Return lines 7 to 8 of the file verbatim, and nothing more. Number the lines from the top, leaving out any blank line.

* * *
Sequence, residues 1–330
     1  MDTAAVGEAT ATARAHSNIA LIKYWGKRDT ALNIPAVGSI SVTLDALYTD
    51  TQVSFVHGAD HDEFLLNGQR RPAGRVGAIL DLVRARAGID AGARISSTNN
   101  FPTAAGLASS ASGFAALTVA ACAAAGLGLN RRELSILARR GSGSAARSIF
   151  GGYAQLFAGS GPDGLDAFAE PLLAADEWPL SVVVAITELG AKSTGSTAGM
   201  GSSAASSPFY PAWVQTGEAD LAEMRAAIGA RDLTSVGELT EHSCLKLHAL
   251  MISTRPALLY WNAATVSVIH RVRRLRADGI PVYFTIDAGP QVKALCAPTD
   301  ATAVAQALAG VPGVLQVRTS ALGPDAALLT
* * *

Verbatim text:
   251  MISTRPALLY WNAATVSVIH RVRRLRADGI PVYFTIDAGP QVKALCAPTD
   301  ATAVAQALAG VPGVLQVRTS ALGPDAALLT